- Fidelity is leading an investment in Sweetgreen, a deal that would value the salad chain at just over $1 billion.
- Despite the public-market volatility, the private fundraising environment has shown little signs of slowing down. Venture capital investing is primed to top $100 billion in 2018, according to a recent report by PitchBook.
Sweetgreen, a fast-casual food chain that focuses on salads, is aiming for a valuation that surpasses $1 billion in a new funding round, several people with knowledge of the matter said.
Fidelity Investments is leading the round, which is close to being finalized, said the people, who asked not to be named discussing private information. Sweetgreen is seeking to raise about $200 million, one of the people said.
Despite the public-market volatility, the private fundraising environment has shown little signs of slowing down. Venture capital investing is primed to top $100 billion in 2018, according to a recent report by PitchBook. As of the third quarter, the industry has deployed more capital than any other year since 2006, PitchBook said.
Sweetgreen was founded in 2007 and has since attracted lunchtime lines for its unique salad offerings, with ingredients sourced from local farms. Some of Sweetgreen's menu changes seasonally. It currently includes options such as chicken and brussels sprouts, and curry cauliflower. According to Sweetgreen's website, there are nearly 90 stores open in California, Illinois, Massachusetts, Maryland, New York, Pennsylvania, Virginia and Washington, D.C.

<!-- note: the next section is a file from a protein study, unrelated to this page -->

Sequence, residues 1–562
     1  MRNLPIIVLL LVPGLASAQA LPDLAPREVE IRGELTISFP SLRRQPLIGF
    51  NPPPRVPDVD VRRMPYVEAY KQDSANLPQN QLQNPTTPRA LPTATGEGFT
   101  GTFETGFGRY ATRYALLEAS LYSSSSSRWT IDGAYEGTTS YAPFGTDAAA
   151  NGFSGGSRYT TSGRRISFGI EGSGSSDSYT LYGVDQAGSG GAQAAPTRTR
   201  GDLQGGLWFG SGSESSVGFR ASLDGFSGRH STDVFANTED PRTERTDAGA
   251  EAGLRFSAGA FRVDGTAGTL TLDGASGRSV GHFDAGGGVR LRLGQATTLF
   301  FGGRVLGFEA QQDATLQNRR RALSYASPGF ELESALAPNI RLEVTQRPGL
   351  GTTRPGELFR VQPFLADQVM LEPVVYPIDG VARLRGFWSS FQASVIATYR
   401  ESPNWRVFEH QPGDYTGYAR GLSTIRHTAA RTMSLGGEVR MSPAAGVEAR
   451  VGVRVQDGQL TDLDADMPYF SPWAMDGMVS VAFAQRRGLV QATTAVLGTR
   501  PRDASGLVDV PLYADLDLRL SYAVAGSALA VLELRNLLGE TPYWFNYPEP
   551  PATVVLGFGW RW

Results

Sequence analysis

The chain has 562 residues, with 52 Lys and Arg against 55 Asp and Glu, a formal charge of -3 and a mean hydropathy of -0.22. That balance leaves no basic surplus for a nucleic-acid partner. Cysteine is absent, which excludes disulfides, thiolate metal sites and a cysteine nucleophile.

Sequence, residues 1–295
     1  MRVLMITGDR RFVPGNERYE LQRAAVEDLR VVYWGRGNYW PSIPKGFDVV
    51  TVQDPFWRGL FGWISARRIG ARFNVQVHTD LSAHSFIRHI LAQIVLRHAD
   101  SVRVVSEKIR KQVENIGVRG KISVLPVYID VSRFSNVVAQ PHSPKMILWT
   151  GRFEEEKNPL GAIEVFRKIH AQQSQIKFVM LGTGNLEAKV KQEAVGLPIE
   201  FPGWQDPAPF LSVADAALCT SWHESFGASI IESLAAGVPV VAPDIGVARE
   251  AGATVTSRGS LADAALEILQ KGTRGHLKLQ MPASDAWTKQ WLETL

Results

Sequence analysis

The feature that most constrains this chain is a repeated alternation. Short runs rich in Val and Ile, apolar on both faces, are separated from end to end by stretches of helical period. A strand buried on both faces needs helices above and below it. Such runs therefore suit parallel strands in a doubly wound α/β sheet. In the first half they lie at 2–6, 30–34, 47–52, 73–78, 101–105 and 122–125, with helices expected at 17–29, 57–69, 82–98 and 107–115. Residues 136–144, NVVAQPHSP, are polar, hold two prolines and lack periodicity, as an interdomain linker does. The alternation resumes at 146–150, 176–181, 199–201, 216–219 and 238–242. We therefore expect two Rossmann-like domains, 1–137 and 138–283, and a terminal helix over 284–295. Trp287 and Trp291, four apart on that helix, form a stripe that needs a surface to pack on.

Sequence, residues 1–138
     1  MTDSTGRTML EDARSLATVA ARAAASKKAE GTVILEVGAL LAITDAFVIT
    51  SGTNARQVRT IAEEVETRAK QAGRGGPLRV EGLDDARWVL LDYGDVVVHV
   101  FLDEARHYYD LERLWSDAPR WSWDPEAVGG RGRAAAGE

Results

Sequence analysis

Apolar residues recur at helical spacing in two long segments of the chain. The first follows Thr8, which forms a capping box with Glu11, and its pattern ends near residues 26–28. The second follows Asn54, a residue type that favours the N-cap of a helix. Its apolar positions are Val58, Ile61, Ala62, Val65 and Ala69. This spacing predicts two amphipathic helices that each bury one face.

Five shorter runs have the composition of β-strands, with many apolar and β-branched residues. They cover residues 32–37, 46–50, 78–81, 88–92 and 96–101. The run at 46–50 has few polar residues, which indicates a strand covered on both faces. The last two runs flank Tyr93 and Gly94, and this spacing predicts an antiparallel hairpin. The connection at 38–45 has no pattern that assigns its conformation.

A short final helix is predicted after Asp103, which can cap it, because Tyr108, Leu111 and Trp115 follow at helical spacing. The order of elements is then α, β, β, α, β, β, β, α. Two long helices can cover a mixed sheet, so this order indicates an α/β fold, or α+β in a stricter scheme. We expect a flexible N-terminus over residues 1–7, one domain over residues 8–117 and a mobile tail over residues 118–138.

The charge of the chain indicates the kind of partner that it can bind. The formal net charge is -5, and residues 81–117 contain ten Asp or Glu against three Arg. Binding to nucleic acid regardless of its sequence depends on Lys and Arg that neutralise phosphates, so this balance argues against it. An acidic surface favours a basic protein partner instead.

The co-founders, Nathaniel Ru, Nicolas Jammet and Jonathan Neman, started Sweetgreen while they were still in college at Georgetown University. They've sought to create a culture in addition to their restaurants called "The Sweet Life," which focuses on health and sustainability.
Fidelity joins other notable investors, including T. Rowe Price and Steve Case's Revolution, which participated in earlier rounds. J.P. Morgan served as the private-placement agent for the round.
Representatives from Sweetgreen, Fidelity and J.P. Morgan declined to comment.